Education Secretary John King announced a new program Monday through the office of Federal Student Aid that will pair loan guarantee agencies with minority-serving institutions to improve graduation, retention and cohort default rates at no cost to those colleges and universities.
The pilot program will begin at the end of 2016 and could also include financial assistance to students. FSA has invited institutions to participate in the program that it found to have the capacity to improve those metrics and the staff to dedicate to the project.
The list of participating institutions has not been finalized, but the Department of Education expects 50 colleges and universities to be involved in the program at its launch and about 250 institutions to take part by 2018. Costs of the program have likewise not been finalized, the department said.
"That new initiative, I think, reflects our ongoing commitment to making sure students not only get to college but that they get through college and [that] we are providing all the necessary supports," King said in remarks to attendees at the National HBCU Week Conference in Arlington, Va., where he announced the program.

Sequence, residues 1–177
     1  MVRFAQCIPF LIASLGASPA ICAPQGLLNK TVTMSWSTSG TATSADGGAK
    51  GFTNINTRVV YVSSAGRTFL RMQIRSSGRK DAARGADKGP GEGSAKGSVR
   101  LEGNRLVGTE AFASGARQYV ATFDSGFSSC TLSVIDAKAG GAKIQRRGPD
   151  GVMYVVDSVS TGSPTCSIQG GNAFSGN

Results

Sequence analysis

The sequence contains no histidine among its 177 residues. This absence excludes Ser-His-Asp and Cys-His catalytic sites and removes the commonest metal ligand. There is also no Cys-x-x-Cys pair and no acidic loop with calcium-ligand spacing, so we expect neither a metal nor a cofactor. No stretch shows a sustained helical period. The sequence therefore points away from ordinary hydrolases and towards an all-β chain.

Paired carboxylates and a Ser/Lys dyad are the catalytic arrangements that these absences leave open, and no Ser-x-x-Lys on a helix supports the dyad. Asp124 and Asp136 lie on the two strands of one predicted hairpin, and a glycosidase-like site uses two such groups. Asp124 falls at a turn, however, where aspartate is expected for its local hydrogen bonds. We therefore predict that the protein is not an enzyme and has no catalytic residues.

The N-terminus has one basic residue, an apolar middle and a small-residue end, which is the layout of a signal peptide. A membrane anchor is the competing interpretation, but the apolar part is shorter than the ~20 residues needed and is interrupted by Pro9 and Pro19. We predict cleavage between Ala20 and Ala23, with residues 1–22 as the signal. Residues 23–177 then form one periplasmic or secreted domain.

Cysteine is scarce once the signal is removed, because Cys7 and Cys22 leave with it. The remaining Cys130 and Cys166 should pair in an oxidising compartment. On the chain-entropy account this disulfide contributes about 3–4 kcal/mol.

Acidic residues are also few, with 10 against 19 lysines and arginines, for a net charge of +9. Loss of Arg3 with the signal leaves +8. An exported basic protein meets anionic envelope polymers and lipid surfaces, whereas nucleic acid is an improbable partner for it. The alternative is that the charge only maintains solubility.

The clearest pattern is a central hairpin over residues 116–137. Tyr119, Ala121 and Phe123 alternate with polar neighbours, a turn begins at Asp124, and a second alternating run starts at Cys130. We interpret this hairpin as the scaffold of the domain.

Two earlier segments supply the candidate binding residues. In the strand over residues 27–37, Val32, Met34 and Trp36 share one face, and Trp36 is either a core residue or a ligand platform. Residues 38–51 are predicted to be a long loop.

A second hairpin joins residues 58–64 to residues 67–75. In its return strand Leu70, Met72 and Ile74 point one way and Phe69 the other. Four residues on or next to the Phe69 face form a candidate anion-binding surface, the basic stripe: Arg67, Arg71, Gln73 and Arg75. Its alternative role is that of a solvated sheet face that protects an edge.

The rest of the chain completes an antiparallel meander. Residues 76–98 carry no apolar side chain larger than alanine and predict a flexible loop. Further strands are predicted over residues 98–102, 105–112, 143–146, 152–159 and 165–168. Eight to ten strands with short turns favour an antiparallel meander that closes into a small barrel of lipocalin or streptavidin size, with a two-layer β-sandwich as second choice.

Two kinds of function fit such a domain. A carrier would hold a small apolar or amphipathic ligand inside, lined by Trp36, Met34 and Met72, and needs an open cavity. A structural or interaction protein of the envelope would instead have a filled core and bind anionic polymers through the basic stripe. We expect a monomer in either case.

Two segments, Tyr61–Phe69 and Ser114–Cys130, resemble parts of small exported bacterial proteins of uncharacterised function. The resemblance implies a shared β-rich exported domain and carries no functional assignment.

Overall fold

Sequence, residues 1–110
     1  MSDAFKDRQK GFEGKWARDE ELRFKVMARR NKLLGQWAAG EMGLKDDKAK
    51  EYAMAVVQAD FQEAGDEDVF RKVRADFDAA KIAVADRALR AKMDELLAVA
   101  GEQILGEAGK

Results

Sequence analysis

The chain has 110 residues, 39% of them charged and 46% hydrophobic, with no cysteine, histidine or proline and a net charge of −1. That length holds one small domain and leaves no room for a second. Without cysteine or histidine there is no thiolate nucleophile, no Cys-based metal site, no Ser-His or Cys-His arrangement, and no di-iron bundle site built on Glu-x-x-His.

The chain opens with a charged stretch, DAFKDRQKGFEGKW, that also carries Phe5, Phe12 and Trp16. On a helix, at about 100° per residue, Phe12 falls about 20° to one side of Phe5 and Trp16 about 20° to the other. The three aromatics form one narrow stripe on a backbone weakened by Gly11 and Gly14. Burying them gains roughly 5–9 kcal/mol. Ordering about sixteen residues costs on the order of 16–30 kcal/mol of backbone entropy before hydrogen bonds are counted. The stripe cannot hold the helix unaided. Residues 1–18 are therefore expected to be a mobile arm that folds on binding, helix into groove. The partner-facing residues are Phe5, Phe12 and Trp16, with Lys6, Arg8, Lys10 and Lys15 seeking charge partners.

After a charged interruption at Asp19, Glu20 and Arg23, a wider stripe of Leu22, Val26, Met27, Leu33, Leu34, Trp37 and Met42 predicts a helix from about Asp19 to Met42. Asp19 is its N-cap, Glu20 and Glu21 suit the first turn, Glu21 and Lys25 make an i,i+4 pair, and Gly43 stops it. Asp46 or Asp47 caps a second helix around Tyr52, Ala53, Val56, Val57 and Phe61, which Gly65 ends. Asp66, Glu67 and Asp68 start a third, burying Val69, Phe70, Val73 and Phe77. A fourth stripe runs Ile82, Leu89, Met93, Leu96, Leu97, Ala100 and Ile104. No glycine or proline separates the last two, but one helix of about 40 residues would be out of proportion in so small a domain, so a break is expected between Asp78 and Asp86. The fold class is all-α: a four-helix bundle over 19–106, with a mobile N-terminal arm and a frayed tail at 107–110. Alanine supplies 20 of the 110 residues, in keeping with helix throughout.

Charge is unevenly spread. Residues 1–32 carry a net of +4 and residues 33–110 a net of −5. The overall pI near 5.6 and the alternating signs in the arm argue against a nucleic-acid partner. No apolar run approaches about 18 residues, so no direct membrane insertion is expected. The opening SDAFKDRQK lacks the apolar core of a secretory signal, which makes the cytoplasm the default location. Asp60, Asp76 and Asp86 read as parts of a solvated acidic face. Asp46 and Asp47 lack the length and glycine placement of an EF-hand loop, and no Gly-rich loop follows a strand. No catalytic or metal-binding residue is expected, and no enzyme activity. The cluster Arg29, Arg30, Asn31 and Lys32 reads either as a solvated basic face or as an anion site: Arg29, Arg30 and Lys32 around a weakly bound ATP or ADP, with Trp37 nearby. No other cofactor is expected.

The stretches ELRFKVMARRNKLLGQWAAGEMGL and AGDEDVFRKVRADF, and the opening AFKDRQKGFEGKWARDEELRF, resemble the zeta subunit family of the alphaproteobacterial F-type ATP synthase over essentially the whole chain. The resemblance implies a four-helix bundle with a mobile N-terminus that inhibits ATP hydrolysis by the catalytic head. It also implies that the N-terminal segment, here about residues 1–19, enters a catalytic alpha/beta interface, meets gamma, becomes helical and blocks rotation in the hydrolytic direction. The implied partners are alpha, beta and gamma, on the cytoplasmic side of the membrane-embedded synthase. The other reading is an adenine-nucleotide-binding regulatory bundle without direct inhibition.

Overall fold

The designation "minority-serving institutions" includes historically black colleges and universities, Hispanic-serving institutions, tribal colleges and universities, and Asian American-, Native American- and Pacific Islander-serving institutions.
Guarantee agencies have come under fire recently from critics who say they are no longer fulfilling their public interest missions. A report released last month by the Century Foundation called on the Department of Education to more closely scrutinize how guarantee agencies are using their financial assets. The agencies are state or private nonprofit entities set up to administer the federal guaranteed loan program. While their core mission disappeared with the end of federally backed private student loans in 2010, they continue to collect revenue from outstanding principal on private student loans. And some agencies have begun to mix up their sources of revenue and the types of education-related programs they spend money on.
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